Posted by: notsofancynancy | October 16, 2013

Weekly Photo Challenge: Infinite

Marvin Cain wrote" High Point Men Leaving the 35th QM Co to go to the 106th Div. to go home June 9 1945" Courtesy of The Cain Family

Marvin Cain wrote” High Point Men Leaving the 35th QM Co to go to the 106th Div. to go home June 9 1945″ Courtesy of The Cain Family (Dad did not get to go home with them).

We will be able to remember this moment, when Marvin Cain got to go home, infinity!

I can’t believe it but I will be posting the final chapter of my father’s story tomorrow.  I have mixed emotions about it. I have lived and breathed my father’s letters for the last 86 weeks. I learned things about my parents I never knew and I learned a whole lot about the Quartermaster and their journey from Nebraska in 1941 until the time they came home from Germany in August of 1945. I am going to really miss the journey now that it is over.

I of course wrote an epilogue which will come next week. I hope you will all stop by and see what happened to my parents after the war. It has been 86 weeks solid I have been posting a chapter a week. I never missed one. I am so proud I made it through all of the letters it has been an amazing journey.

I finally decided on the name for it:

“The Suitcase, a daughter’s journey through World War II”

I have added a couple of new pages to my blog menu. On the one at the top of the page you are looking at (if you are actually on my blog page). I have added a copy of the 1945 VE-Day roster which shows the names of the men Dad served with. It makes it easier for visitors to find it there.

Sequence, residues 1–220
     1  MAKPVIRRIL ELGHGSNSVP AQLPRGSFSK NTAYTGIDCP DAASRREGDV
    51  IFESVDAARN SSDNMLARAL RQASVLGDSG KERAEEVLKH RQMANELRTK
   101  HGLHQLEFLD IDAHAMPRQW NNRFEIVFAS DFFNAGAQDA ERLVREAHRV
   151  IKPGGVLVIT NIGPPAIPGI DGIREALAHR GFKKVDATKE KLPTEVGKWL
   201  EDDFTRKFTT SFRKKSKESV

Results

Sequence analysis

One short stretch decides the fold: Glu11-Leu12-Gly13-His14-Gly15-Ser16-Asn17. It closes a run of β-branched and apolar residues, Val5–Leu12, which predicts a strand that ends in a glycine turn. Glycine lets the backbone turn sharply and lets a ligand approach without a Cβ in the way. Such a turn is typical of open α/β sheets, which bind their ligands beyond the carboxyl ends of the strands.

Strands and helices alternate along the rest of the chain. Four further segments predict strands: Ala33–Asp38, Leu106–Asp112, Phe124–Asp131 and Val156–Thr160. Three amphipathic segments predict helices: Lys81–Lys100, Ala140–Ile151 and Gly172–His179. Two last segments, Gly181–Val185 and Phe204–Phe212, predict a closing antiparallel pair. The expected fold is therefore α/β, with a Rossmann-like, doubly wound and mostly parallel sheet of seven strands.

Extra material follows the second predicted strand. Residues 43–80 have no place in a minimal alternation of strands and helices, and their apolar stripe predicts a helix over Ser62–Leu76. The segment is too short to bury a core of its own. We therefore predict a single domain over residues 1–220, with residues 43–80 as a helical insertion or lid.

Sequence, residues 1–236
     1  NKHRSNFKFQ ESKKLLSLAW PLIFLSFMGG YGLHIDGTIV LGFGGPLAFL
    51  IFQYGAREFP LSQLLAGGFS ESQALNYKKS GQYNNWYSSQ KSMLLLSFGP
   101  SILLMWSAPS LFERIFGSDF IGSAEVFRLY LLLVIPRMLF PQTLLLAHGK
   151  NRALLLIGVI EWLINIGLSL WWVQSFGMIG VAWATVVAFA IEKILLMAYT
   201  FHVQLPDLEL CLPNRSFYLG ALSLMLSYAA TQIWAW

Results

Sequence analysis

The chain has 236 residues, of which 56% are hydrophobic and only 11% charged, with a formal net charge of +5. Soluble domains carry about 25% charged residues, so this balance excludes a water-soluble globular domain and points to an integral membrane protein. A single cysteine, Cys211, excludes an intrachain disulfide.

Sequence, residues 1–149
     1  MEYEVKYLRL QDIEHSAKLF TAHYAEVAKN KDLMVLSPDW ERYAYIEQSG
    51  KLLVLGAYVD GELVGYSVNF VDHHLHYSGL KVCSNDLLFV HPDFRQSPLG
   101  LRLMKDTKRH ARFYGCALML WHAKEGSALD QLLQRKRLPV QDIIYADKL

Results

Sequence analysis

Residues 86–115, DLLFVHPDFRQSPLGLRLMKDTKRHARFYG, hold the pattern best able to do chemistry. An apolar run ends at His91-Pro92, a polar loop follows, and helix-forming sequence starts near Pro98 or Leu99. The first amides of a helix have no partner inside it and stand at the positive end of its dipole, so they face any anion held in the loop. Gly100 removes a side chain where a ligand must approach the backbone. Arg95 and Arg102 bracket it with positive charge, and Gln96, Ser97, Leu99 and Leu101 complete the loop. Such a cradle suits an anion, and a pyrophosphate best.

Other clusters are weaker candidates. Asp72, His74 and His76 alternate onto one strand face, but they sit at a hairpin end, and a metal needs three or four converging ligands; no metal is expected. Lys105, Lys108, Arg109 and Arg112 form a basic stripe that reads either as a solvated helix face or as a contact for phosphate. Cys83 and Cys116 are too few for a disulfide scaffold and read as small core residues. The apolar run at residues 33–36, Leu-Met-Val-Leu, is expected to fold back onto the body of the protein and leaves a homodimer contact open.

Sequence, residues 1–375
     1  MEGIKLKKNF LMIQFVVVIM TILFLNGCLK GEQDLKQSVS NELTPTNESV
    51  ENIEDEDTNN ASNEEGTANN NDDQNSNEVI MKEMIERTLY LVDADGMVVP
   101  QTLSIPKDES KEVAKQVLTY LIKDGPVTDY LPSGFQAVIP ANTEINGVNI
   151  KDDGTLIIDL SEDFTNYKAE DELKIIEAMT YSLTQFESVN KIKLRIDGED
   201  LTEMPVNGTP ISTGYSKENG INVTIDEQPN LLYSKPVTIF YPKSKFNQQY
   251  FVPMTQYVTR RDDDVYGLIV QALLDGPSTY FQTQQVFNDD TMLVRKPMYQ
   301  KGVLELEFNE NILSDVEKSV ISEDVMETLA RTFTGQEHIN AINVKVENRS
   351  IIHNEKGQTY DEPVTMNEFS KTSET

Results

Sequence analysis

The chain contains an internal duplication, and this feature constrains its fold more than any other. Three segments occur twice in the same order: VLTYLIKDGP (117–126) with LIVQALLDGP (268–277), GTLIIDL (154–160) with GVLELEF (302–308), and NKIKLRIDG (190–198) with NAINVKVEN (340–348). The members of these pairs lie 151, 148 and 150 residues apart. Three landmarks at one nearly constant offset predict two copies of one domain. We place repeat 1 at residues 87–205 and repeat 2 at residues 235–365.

Click here for the 1945 Roster

I have also added a Guest Book. If you have some time stop by and sign it leave a few words about the impact of these letters made on you. If you have a relative who served with my dad please let me know. I will continue to honor these men on this blog.

Click here for the Guest Book

If you have a story about a World War II and would like to do a guest post I would be honored to post it here. In fact I would love to hear stories of how this war affected other families. No story is too small, I would be honored.

The next step for me now is getting their story ready to go to a publisher. I am not sure anyone would want to publish it but I have to try. I owe it to the 110th/35th Quartermaster to try to keep their memory alive. After the epilogue is posted I may take some time off to focus on making this a book.  I am already working on it and it is going good. At least I think it is going good, I am hopeful.

So tune in tomorrow to read the last chapter, then get you a glass of something and give a toast to all our servicemen and women. Then take a moment to give a special toast to the 110th/35th Quartermaster.

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Responses

  1. Something to be very proud of. Good luck to you and congratulations!!

  2. In reflection, there were several interesting similarities and contrasts between your father’s and my father’s WWII experiences. They were both from the Midwest. Both were classified as Truck Drivers. They served in different parts of the world. My dad was part of 115 Ordnance (Medium Mtce.) Company. …Your dad in the 35 Quartermaster Company. My father remarked, “I now my letters make dull reading other than knowing that I’m alive and still kicking.” These letters were much more than that–they were a lifeline home. On another WWII note–my wife brought home from water aerobics class the story of a woman raised in Germany before and during the war. It hasn’t been published and I don’t have permission to blog it. It was extremely interesting–I couldn’t put it down. It told of hardships endured during and after the war. She married a GI after the war and moved to the US.

    • Thank you for your continued support. I thought the letter’s would be dull reading too….then I read them and could not stop. lol I never thought one person would be interested them let alone how many that have been following. Sounds like a very interesting story. I hope you will be able to share it.


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